I meet with Hillsides’ staff regularly to hear their concerns about how to serve best the children and youth in our care. Especially as we implement significant reforms in the foster care system, there is always a concern that the strategies we employ need further development. The insights of staff and the experience of our clients are important to take into account when we interact with policymakers who are hoping to influence best practices in the field of child welfare.

Carroll is always interested in those insights, and helpful at directing who might best address them. He was able to marshal the resources of the Alliance to create effective change focused on the well-being of those we serve. He did this not only with a smile but with the ability to bring a smile and a laugh to those with whom he collaborated. His effectiveness has meant that the children we serve enjoy a greater level of care driven by a commitment to provide them and their families what they need most.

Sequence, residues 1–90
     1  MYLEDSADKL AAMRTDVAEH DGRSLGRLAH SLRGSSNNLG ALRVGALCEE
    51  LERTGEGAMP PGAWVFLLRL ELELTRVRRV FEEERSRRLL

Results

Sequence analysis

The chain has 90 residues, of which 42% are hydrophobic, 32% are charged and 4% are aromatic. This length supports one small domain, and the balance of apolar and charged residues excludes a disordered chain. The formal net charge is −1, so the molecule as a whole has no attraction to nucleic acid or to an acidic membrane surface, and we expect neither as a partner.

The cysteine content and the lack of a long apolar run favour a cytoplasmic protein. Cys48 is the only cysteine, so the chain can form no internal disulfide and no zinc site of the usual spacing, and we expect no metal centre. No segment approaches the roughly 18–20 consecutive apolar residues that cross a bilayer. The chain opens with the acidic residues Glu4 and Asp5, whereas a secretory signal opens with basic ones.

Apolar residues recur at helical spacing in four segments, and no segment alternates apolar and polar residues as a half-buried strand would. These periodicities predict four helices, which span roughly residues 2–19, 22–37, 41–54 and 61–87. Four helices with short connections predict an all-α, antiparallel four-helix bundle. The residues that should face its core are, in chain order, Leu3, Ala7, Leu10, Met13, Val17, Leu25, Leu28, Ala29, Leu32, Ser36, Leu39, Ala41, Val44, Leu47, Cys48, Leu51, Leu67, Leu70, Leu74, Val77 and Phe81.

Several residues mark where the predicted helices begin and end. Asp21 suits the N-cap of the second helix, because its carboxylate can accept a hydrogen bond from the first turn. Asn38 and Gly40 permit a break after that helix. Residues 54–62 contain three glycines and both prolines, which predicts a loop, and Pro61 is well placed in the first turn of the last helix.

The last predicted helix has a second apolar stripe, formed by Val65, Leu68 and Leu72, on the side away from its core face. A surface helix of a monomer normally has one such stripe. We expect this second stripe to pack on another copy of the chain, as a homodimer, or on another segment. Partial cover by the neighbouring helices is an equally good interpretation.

It is not often that this blog highlights the efforts of one person, but it is important to recognize such a great advocate because all of us, in our own way, are called to be advocates. The children, youth, and families we serve have a fragile voice, weakened by the trauma they have experienced. As Carroll has done throughout his career, we must lend our voice to theirs, and together address their needs.

 

Five Tips for Returning to College After Time Away From Someone Who Knows

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By Lisa Gavitt